Course Hero. "The Natural Study Guide." Course Hero. 27 Feb. 2017. Web. 24 May 2018. <https://www.coursehero.com/lit/The-Natural/>.
Course Hero. (2017, February 27). The Natural Study Guide. In Course Hero. Retrieved May 24, 2018, from https://www.coursehero.com/lit/The-Natural/
(Course Hero, 2017)
Course Hero. "The Natural Study Guide." February 27, 2017. Accessed May 24, 2018. https://www.coursehero.com/lit/The-Natural/.
Course Hero, "The Natural Study Guide," February 27, 2017, accessed May 24, 2018, https://www.coursehero.com/lit/The-Natural/.
Malamud divides the novel into two named sections, Pre-Game and Batter Up! In this study guide, the longer of the two sections, Batter Up!, has been further divided into parts for the purpose of close analysis.
Roy Hobbs, an aspiring professional baseball player, rides a train to Chicago with baseball scout Sam Simpson to try out for the Cubs. The opening scene is disorienting, almost hallucinogenic, as Roy stares out the window and considers where he came from. When dawn breaks, a nervous Roy picks up the trusty bassoon case in which he keeps his bat and hurries through the train to where Sam sleeps in a seat of the passenger coach. Roy struggles to know how to behave on the long journey, particularly with the porter, Eddie. While Roy waits for Sam to rouse, Eddie appears with a pair of trick dice and asks Roy to throw them. Realizing they are "bewitched," Roy responds, "I don't crave any outside assistance in games of chance." Through the window, Roy watches a beautiful woman named Harriet Bird board the train. He is immediately smitten with her. Eddie helps the woman with her bags, but she refuses to hand over her hatbox. On the train she excitedly thinks she recognizes Roy, but "her expression change[s] instantly to one of boredom" when she realizes she doesn't. He tries to impress Harriet by buying her lunch, even though he has no money.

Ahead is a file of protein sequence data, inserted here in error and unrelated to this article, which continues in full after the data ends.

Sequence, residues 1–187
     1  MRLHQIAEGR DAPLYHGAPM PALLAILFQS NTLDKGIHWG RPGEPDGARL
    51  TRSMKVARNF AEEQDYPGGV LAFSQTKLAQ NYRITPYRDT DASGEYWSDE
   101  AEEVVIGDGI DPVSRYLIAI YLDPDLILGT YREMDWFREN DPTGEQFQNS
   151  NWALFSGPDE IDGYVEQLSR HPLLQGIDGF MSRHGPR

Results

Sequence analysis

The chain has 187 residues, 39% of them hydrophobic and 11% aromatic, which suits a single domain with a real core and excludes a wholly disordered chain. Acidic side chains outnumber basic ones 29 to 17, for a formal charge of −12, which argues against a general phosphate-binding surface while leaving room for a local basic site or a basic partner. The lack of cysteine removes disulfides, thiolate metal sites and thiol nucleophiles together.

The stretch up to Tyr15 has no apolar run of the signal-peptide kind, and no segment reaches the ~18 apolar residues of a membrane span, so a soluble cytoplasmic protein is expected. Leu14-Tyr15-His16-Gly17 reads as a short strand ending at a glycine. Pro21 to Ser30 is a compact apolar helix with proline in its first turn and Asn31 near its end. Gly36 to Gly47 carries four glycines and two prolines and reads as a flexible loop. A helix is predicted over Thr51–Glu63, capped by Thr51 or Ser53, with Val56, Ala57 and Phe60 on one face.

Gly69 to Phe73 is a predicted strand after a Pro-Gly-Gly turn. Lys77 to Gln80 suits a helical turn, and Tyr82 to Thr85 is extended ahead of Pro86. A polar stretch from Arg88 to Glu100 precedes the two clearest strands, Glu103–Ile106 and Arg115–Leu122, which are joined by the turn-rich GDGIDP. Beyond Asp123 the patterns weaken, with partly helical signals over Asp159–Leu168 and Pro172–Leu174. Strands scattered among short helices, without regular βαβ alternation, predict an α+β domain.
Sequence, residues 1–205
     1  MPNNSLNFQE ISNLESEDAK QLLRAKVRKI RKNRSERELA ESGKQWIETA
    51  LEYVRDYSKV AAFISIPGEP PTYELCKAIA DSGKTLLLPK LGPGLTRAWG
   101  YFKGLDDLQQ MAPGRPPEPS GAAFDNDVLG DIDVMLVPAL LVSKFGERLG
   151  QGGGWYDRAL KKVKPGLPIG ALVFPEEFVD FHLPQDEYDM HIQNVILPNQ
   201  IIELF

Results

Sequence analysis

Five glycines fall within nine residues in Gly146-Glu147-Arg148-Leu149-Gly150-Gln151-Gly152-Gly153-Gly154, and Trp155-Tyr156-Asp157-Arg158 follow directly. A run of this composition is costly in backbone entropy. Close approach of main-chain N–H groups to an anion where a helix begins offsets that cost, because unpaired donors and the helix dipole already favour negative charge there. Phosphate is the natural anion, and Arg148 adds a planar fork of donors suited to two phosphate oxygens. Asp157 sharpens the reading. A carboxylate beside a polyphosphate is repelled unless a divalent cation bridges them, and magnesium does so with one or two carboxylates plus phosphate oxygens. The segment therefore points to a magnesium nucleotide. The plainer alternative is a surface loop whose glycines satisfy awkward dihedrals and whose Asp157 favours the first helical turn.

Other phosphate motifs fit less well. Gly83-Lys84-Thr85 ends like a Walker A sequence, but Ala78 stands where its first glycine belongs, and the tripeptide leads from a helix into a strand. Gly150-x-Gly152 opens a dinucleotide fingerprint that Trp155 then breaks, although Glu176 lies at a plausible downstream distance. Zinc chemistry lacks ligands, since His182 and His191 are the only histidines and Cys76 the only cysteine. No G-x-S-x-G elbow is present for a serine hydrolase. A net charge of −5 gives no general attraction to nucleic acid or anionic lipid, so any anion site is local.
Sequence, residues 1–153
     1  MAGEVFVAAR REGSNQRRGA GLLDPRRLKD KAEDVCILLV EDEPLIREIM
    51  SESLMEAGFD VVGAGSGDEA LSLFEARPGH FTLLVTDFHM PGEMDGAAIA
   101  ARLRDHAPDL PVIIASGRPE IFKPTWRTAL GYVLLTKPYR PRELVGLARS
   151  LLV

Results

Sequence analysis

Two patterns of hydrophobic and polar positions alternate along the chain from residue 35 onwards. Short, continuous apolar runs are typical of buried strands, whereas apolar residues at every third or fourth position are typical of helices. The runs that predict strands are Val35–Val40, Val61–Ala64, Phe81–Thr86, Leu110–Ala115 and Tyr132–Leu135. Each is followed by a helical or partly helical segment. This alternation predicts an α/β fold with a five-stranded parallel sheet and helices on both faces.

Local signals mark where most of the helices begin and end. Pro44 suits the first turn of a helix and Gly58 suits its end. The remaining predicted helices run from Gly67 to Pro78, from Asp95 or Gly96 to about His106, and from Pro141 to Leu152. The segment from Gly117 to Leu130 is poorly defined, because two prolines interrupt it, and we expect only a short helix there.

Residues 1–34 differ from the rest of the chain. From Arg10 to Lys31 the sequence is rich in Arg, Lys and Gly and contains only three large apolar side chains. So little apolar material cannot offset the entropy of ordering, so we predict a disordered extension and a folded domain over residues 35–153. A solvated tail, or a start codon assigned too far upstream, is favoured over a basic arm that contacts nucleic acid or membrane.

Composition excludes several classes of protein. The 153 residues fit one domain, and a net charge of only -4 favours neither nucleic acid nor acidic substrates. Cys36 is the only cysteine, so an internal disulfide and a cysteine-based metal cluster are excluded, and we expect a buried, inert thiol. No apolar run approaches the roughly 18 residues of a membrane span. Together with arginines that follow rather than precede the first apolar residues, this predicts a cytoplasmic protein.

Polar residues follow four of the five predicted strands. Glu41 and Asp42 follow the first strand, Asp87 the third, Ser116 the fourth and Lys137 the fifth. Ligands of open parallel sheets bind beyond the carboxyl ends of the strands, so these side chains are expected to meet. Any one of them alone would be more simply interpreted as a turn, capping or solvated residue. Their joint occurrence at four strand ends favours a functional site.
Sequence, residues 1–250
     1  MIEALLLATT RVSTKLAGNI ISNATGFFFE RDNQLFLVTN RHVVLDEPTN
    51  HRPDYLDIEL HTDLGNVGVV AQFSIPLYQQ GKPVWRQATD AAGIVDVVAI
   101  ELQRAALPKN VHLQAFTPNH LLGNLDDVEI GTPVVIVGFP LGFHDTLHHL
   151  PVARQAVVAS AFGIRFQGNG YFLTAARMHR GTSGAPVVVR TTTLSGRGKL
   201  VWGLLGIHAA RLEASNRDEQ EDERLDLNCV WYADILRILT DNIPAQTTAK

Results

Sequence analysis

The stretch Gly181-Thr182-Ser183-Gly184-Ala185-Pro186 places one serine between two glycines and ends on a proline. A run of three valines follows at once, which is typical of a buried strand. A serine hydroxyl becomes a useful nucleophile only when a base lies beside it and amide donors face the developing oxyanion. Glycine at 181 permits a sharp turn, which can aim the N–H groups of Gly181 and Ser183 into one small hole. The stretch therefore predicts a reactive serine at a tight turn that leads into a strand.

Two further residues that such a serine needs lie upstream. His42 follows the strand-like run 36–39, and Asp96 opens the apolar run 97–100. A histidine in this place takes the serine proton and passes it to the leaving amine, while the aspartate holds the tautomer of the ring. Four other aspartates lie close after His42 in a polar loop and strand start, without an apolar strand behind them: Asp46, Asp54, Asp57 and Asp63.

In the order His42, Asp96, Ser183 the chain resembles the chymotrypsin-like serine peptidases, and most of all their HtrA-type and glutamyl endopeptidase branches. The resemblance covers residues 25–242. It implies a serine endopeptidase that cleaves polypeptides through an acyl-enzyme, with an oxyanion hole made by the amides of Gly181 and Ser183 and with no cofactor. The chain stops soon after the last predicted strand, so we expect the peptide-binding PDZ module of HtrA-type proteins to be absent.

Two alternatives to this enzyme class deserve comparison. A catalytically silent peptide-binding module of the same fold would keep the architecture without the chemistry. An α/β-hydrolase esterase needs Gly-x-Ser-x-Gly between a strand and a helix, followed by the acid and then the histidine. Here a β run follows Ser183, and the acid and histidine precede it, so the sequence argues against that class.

The narrator switches perspective to Sam dreaming about discovering amazing young baseball players in a pasture in Middle America. When he approaches, however, the players scatter, leaving Sam clinging to a giant that never stops running. Waking with a sob, Sam collects his belongings and sneaks into a passenger car to take a shower, but a trainman kicks him out. He moseys into the breakfast car to read the paper. The front-page story is about a manhunt for a beautiful young woman who has shot two promising athletes. Two men lean over and try to read the story over Sam's shoulder. He recognizes one as the Whammer, the most successful baseball player in the game, and Max Mercy, a sports journalist. Excitedly, Sam tells the men about Roy and his promising future, although neither is impressed. Sam races to find Roy and drags him back to the breakfast car. Roy only becomes interested in talking to the Whammer when he sees the Whammer's interest in Harriet Bird. Max and the Whammer rudely dismiss Sam and Roy to play cards.
Roy continues to watch the Whammer seducing Harriet and it infuriates him, as he continues to fume from the rude dismissal earlier that afternoon. Suddenly the train breaks down and passengers are permitted to leave while the engine is checked. Most passengers, including Sam and Roy, visit a nearby carnival, where Roy wins many prizes. When they bump into Max and the Whammer, an emboldened Sam bets the Whammer $10 that Roy can strike him out. They all—including Max and Harriet— head down to a nearby sandlot where a crowd quickly forms. Sam stuffs a washboard down his shirt and squats behind the plate as catcher. When Roy throws his first pitch he shocks everyone, especially the Whammer, with its speed and precision. It's a strike. The second pitch is just the same. The crowd falls silent as Roy winds up for his third pitch, which "slither[s] at the batter like a meteor" and smashes hard into the washboard under Sam's shirt. Sam swears only the wind has been knocked out of him, but there is no time to check the injury as all the passengers rush back to reboard the train. At dinner that evening Roy brags to Harriet, "I bet someday I'll break every record in the book for throwing and hitting," which delights Harriet. She presses her body against him and he awkwardly tries to grope her.